Harris one of local cancer survivors
Published 12:00 am Wednesday, April 9, 2003
Any other person who has lived with the specter of cancer for more than half his life could be expected to be depressed, anxious or full of resentment.
Not David A. Harris.
First diagnosed with melanoma when he was 29, Harris has found a way to remain upbeat and positive for more than three decades in spite of constant setbacks. Not only has he learned to deal with cancer, he and his wife Elouise, who has faced her own bout with the disease, encourage others to watch for cancer’s warning signs and get regular checkups.
It’s the fight against cancer that is the focus of Relay For Life, the annual fund-raiser in Marengo County to benefit the American Cancer Society and its support of cancer research, education and patient support.
The event will be held Friday, April 29, at the River Field in Demopolis. Teams throughout the county are competing for prizes by raising the most money. During Relay for Life each team will set up a booth to offer food and fun as their members take turns walking around the track.
Cancer was the last thing on his mind when, at age 29, Harris had a growth on his chest taken out. The surgery required a massive incision and removal of muscle, tissue and lymph nodes in the same way as a mastectomy. Laboratory tests came back positive for melanoma, a cancer of the skin.
Looking back, Harris admitted he was a perfect candidate for that form of cancer. He has fair skin and spent hours in the sun.
Harris became depressed when he was encouraged to get his affairs in order because he had only six months to live. Being told he was going to die “kinda knocked the props out,” he said. But his attitude changed. “Once I beat the deadline I never looked back.”
Six years later the cancer came back, this time as a growth on his waist.
“He’s been cut from his navel to his backbone,” said his wife.
For 10 years after the second surgery, Harris was clear. Then, while on a cruise with his wife, he became hoarse. At first he thought it was because he had been exposed to ammonium nitrate, which he was using on his farm to blow up stumps.
His physician, Dr. Julius Hicks of Birmingham, ran tests and discovered Harris could breathe only 30 percent of his capacity because of a rapidly growing tumor in his esophagus.
Hicks chose to “debulk” the tumor with a laser.
When the lab results came back, the diagnosis of the cancer in his throat also was melanoma, the first in recorded medical history. “They have no idea” what triggered it, said Harris.
He underwent radiation therapy, but less than two years later the tumor in his throat came back. This time he was treated with both radiation and chemotherapy. He never lost his hair, but a three-inch section of his esophagus collapsed from the radiation.
There was no solution except to give him a tracheotomy and fit him with a voice synthesizer, which he now has used for almost four years. Harris holds a wand to the voice box at his throat. The voice that emerges is an electronic monotone.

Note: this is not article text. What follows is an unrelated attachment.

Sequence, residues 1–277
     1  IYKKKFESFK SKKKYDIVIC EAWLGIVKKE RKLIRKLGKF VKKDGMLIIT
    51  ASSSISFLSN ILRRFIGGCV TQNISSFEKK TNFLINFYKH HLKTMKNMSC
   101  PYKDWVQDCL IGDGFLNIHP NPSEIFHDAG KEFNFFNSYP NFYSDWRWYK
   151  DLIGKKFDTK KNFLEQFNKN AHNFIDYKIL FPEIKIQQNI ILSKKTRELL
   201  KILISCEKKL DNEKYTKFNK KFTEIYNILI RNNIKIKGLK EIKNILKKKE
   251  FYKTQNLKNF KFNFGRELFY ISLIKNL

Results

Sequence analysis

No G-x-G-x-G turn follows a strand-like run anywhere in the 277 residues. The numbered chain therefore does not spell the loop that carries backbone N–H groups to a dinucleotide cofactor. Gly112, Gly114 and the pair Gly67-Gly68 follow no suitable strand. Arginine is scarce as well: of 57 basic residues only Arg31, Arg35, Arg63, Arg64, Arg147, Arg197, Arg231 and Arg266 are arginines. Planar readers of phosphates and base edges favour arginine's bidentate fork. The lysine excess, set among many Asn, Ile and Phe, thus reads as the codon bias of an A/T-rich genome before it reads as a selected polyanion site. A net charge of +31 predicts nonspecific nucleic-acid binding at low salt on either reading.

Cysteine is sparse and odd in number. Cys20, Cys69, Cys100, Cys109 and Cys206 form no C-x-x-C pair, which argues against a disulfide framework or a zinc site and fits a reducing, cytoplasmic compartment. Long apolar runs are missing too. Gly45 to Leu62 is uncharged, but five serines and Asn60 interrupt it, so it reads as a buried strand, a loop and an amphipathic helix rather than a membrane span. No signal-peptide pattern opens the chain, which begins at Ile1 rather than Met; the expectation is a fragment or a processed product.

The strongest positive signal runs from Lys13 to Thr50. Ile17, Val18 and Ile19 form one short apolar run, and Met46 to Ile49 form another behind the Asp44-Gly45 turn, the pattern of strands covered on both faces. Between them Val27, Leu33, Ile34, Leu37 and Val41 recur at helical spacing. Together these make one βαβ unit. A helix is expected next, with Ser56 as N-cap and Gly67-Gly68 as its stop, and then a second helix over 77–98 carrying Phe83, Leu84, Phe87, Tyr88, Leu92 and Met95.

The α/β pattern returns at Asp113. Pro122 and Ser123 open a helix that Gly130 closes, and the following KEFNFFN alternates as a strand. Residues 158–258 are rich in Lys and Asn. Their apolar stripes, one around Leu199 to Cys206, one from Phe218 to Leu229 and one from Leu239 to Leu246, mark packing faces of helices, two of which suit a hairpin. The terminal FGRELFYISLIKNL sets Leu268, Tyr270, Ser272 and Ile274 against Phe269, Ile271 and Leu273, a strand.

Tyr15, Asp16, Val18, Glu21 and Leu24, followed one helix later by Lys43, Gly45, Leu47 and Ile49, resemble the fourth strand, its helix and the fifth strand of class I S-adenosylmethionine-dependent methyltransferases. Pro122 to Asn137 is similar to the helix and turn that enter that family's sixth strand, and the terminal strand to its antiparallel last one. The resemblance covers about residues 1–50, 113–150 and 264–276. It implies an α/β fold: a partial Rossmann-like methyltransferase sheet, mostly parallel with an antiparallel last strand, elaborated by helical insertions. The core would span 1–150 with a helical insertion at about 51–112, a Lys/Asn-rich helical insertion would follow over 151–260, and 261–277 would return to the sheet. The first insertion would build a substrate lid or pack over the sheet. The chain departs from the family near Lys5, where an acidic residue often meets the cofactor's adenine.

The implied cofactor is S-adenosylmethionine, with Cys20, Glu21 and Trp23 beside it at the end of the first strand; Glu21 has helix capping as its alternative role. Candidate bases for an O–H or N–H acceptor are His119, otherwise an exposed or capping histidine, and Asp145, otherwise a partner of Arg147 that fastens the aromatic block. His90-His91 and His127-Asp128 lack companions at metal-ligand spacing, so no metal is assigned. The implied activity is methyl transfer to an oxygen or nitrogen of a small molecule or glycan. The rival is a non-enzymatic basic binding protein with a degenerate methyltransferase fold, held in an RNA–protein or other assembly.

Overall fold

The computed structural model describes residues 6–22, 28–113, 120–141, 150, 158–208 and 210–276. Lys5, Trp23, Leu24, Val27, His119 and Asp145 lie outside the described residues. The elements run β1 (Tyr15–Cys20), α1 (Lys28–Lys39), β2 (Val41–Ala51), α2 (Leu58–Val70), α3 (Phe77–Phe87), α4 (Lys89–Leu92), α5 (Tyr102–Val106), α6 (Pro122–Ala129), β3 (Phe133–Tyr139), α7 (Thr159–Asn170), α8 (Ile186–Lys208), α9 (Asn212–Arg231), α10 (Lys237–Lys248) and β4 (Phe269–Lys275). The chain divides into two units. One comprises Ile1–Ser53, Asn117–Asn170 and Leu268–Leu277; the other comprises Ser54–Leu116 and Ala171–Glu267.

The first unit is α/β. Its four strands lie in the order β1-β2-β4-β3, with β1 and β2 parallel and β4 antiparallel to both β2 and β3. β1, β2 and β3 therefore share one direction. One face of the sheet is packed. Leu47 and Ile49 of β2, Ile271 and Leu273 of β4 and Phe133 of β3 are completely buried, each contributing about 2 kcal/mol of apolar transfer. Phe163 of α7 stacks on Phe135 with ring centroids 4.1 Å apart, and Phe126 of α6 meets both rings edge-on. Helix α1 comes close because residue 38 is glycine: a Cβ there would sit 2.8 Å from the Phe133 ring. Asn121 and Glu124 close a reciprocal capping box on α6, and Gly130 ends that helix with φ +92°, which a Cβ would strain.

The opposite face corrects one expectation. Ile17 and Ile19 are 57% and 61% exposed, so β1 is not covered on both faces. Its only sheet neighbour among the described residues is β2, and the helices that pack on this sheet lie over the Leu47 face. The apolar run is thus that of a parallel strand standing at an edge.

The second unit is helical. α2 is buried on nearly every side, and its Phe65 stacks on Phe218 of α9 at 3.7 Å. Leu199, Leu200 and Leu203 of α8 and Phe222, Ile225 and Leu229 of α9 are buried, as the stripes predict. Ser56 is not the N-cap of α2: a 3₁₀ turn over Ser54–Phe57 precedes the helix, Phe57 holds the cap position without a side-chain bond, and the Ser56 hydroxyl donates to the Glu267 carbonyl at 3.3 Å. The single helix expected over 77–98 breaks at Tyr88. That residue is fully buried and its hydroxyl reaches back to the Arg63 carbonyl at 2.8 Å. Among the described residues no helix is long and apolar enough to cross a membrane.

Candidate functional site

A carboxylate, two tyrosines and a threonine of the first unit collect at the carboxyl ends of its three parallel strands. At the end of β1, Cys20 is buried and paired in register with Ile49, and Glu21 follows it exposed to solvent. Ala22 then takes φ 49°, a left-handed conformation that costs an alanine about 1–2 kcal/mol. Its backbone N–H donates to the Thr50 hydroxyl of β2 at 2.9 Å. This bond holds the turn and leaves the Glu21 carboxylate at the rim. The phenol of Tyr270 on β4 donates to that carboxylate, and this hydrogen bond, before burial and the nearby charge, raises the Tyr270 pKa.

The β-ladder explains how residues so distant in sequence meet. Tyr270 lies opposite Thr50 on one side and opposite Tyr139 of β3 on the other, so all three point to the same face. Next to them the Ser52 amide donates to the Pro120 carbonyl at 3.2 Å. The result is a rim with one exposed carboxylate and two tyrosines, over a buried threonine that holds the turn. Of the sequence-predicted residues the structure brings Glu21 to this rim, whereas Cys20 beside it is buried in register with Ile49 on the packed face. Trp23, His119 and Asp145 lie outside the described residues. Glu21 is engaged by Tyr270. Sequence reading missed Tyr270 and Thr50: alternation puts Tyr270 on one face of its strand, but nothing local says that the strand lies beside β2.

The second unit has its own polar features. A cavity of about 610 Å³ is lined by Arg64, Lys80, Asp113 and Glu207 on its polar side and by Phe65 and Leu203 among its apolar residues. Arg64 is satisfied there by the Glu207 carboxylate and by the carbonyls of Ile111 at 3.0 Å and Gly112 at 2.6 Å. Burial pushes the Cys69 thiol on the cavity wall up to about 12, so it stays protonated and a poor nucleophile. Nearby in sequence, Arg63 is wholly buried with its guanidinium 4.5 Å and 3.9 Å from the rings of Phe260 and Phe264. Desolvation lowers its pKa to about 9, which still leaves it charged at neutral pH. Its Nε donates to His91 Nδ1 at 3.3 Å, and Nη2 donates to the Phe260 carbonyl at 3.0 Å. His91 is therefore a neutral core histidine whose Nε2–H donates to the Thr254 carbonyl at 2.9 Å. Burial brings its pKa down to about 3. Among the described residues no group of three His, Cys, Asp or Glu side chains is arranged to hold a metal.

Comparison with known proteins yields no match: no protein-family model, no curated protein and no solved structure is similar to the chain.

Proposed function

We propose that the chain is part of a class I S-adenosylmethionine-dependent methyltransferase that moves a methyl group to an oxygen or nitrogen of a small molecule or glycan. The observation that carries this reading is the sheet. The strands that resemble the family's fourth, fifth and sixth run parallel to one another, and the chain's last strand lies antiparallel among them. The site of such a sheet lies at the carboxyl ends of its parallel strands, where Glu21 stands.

The “trach” hasn’t bothered him at all, he said.
His wife is a little more specific. “Once they gave him the wand, he hasn’t shut up.”
The Harrises learned how to clean the trach, which is done four or five times a day. “It’s a lot easier to keep clean when you clean it regularly,” said Harris.
Now 62, Harris hasn’t let a little thing like bouts of melanoma stop him. What bothered him the most is that “friends act like what you have is catching or that you don’t want to be bothered.”
He’s feeling fine now, still putting in long days in the hay field, and occasionally going to his doctor to check out another growth he has discovered. Recently he had one removed from his neck that was diagnosed as cancerous, but not melanoma.
“David is just a walking miracle,” said his wife. “Melanoma is the worst cancer you can have because it takes your body one piece at a time.”
During all his long fight against cancer, Harris held down a career in the U.S. Army for 31 years, serving as a recruiter for the last 24. He also was a member of the National Guard and Army Reserve. He retired as a sergeant first class with 21 ribbons to his credit.
Mrs. Harris has had her own bout with melanoma, a growth she discovered on her arm.
It was removed successfully, and she continues to keep a close watch for any other signs it may be returning.
In fact self examination is one of the methods of prevention that the Harrises stress. They encourage people to know the signs of melanoma, especially if they are fair-skinned and spend a lot of time in the sun: discoloration of a mole, change in the shape of a mole, bleeding and asymmetrical shape of mole.
Harris more than likely won’t take part in the Survivor Walk during Relay For Life. “I’ll probably be in the hayfield,” he explained.